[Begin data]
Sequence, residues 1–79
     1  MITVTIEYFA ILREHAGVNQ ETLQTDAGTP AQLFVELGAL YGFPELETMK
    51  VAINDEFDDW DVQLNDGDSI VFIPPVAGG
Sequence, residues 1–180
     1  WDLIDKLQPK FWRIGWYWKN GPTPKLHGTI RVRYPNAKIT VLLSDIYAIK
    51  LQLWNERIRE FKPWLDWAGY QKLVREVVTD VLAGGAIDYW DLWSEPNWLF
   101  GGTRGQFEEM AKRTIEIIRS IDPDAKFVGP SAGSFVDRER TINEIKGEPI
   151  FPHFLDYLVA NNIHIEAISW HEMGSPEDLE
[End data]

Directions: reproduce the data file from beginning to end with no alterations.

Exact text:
Sequence, residues 1–79
     1  MITVTIEYFA ILREHAGVNQ ETLQTDAGTP AQLFVELGAL YGFPELETMK
    51  VAINDEFDDW DVQLNDGDSI VFIPPVAGG
Sequence, residues 1–180
     1  WDLIDKLQPK FWRIGWYWKN GPTPKLHGTI RVRYPNAKIT VLLSDIYAIK
    51  LQLWNERIRE FKPWLDWAGY QKLVREVVTD VLAGGAIDYW DLWSEPNWLF
   101  GGTRGQFEEM AKRTIEIIRS IDPDAKFVGP SAGSFVDRER TINEIKGEPI
   151  FPHFLDYLVA NNIHIEAISW HEMGSPEDLE